Flash Fiction 101

 

By S.D. Grimm

 

Fiction in a Flash

 

In the simplest terms, flash fiction is a story in 1,000 words or less. Yep. A whole story—any genre—in less than approximately four double- spaced pages.

 

You might wonder it it’s possible to write a story in under 1,000 words, and I’m here to tell you that it is. I’ve read flash fiction pieces in as little as six words before. If you think that’s tough, consider micro fiction, a story in under 500 words; or nano fiction, a story in under 100 words or less. But don’t be discouraged. Once you understand the basics of how to write flash fiction, I think you’ll want to try it out. Just be careful; writing flash fiction can be like eating potato chips—good luck stopping at just one.

 

No Flash in the Pan

 

Who doesn’t love a good story? Remember sitting around the campfire or at a slumber party and staying up late to listen to ghost stories? People love stories, and sometimes, they don’t want to read a huge novel or watch a two-hour movie. There is a whole audience out there of people who want to be able to read something on the go—on their mobile devices even.

 

There is an audience out there that is craving flash fiction.

 

Who can write flash fiction? You can!

 

As a flash fiction editor, I’m going to break down the fundamentals of what makes up “good” flash fiction for you and give you some tricks of the trade so you can write flash fiction.

 

Ten Components of Good Flash Fiction

 

  1. Structure

Just like any narrative, flash fiction needs a beginning, middle, and end.

A clear story goal, a.k.a. plot.

Well-developed hero and villain, whether it’s man vs man, man vs self, man vs nature, etc.

Setting

 

But unique to Flash Fiction:

 

You’re not going to have subplots. There just isn’t room in something so short. So focus on one plot and one main conflict. Conflict is the heart and soul of a story, and the main conflict needs to appear in a flash fiction piece pretty much immediately.

 

Another thing you don’t want to overdo are scene changes and pointof- view switches. It can be done, and I’ve seen it done successfully, but when editing and rewriting, ask yourself if the change is really necessary. Often it will just complicate the plot in ways that don’t enhance the story.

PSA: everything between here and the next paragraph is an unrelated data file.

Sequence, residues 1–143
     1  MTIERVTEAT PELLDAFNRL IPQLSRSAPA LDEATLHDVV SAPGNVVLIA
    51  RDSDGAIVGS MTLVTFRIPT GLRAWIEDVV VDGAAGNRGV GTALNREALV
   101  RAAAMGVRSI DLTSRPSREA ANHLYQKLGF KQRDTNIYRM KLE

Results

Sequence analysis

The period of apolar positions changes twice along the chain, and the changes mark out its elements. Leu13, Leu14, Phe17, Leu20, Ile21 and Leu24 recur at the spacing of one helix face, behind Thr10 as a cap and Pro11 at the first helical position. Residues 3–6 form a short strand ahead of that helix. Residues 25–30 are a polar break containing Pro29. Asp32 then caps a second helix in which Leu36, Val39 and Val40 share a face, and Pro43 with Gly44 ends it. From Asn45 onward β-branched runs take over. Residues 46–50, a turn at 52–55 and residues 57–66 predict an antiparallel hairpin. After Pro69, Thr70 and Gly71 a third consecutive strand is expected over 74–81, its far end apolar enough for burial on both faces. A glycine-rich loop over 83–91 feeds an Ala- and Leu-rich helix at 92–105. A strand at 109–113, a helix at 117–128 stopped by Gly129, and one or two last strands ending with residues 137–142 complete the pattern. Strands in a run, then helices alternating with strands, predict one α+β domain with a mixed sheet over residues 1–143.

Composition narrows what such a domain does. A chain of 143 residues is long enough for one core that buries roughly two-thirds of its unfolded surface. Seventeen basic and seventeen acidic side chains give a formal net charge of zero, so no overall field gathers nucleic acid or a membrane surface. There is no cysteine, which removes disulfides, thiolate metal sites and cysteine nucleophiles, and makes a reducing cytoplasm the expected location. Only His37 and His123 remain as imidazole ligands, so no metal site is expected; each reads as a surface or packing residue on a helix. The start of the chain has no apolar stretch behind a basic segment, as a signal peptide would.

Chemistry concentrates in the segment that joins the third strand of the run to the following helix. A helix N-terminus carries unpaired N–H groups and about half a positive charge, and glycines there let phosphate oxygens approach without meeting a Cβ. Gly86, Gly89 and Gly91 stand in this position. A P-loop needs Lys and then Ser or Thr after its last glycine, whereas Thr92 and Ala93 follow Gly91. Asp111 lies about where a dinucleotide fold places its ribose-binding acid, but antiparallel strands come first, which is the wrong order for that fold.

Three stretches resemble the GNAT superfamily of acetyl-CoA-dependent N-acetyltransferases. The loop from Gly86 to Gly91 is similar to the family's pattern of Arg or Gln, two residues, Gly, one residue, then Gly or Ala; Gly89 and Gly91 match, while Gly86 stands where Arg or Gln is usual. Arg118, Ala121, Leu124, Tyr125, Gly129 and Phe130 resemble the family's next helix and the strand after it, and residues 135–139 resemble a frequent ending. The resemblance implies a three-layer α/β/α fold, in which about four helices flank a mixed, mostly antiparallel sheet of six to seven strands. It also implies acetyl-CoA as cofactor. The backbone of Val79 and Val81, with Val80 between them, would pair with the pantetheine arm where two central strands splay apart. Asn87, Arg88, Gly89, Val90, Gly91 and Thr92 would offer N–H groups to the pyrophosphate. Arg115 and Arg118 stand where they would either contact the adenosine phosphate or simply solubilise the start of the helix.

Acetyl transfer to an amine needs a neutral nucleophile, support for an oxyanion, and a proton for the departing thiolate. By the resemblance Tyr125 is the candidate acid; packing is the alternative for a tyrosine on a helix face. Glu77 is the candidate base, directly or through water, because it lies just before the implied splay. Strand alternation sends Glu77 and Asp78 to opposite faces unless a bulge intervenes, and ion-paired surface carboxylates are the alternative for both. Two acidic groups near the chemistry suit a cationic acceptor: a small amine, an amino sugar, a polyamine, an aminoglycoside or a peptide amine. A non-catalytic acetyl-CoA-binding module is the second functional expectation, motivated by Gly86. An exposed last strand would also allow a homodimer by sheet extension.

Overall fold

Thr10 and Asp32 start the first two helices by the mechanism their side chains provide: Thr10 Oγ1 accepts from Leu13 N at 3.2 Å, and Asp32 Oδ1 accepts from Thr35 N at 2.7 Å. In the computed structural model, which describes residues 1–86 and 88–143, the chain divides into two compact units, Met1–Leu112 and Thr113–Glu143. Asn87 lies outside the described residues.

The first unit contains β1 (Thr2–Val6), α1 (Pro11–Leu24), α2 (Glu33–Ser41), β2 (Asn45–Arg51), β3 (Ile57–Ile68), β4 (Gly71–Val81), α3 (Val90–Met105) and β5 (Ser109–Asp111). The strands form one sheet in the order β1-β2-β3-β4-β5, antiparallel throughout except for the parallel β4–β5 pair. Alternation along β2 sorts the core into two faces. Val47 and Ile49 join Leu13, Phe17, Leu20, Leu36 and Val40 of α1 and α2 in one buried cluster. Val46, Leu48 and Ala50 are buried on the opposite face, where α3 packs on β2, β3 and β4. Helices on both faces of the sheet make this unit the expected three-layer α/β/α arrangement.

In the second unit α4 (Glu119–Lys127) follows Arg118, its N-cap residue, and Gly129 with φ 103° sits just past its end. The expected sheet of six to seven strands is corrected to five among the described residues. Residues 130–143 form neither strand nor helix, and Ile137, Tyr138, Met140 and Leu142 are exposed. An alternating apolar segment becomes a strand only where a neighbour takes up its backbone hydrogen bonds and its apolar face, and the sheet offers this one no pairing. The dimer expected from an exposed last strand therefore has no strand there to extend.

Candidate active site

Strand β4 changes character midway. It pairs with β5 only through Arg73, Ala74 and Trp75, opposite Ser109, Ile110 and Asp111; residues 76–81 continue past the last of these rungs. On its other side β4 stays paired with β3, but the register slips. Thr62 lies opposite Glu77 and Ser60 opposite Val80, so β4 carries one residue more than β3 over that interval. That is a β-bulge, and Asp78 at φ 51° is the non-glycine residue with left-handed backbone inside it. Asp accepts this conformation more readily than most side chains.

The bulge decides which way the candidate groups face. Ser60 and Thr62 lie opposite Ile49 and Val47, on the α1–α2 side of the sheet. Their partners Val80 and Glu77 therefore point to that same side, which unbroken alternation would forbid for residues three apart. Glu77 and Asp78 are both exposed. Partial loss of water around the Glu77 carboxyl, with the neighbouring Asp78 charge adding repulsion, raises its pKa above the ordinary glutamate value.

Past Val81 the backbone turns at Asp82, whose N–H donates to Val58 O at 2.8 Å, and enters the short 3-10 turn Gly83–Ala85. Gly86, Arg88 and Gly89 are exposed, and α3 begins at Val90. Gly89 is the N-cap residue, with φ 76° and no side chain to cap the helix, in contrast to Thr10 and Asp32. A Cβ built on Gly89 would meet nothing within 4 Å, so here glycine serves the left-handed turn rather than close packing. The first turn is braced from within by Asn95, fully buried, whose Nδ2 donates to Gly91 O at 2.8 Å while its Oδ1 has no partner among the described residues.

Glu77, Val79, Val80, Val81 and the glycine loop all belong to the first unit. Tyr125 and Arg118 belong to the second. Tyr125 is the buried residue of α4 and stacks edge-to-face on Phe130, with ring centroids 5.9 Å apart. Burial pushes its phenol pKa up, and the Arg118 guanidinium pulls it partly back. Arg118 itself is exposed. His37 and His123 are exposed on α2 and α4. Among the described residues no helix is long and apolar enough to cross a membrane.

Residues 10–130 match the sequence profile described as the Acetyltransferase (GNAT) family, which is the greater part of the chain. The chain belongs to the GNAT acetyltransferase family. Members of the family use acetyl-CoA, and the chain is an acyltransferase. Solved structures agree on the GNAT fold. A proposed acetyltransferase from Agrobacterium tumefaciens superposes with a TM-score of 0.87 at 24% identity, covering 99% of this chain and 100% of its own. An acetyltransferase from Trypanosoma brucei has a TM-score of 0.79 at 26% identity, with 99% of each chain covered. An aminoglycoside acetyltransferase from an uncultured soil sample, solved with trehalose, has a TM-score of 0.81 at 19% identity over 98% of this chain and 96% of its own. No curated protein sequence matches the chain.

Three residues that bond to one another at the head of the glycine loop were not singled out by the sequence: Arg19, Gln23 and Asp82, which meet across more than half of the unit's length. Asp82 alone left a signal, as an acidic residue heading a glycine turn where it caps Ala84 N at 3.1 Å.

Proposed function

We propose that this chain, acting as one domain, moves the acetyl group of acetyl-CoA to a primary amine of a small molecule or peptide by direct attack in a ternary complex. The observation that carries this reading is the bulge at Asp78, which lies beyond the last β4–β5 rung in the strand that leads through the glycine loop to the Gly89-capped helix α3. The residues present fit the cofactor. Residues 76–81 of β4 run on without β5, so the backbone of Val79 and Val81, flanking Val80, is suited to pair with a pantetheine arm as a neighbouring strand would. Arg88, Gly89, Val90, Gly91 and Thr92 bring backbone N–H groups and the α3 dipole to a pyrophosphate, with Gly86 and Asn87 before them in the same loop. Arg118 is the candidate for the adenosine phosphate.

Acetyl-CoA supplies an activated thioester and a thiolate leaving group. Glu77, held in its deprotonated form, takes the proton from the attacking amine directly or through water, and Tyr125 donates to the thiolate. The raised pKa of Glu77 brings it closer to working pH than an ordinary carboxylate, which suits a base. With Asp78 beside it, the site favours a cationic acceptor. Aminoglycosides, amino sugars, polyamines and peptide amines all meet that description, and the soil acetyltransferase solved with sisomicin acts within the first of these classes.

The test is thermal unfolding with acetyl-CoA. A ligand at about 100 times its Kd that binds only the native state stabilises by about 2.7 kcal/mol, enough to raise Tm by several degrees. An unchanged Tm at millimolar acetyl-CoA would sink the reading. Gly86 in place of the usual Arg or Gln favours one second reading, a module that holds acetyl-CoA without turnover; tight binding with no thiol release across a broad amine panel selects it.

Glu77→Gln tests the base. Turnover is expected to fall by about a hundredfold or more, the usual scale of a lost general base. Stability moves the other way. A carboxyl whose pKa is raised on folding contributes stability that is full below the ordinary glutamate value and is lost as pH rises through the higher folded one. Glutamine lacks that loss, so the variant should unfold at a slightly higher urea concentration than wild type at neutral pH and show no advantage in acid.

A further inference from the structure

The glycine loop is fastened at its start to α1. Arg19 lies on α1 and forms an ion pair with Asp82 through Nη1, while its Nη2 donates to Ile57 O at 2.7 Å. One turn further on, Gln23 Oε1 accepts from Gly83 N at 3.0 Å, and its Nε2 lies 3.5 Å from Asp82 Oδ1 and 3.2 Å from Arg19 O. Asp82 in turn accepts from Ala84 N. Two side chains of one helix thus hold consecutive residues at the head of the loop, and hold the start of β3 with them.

1. Hook

In a novel, the opening hook is that first scene that draws the reader into a new world. Many times flash fiction will play out its entire story in one scene. So the hook here is the opening sentence. It should set the tone for the story as well as introduce your reader to your character and give an inkling of the main conflict (if it doesn’t delve right into the main conflict). I’ve heard it said that novelists have 250 words to hook a reader. In flash, that’s one quarter of a long story. Other stories might even be done already. You have to grab readers’ attention in the opening line and never let go. If a reader puts down your flash piece, it’s the death sentence.

 

  1. Tension

It’s that “what’s going to happen next” factor. Great storytellers create tension in every scene. When you write flash fiction, there needs to be tension in every sentence. Each sentence needs to move the story forward. Imagine if you can craft a story in which you have tension in every line. Think of how that will improve your writing.

 

  1. Tight Writing

Every word counts when you have so few. So here are a few tips for using words effectively: Backload sentences. This means putting an important, resonating, or strong word or phrase at the end of a sentence. So instead of saying, “She noticed the dagger in his hand,” try “He carried a dagger.” Use dynamic verbs. Tight writing forces you to rethink using those pesky verbs of being in exchange for something stronger, punchier. Instead of “broke” how about “shattered” or “snapped” or “crushed”? These different verbs each convey a more specific form of breakage that will make a reader’s mental image sharper.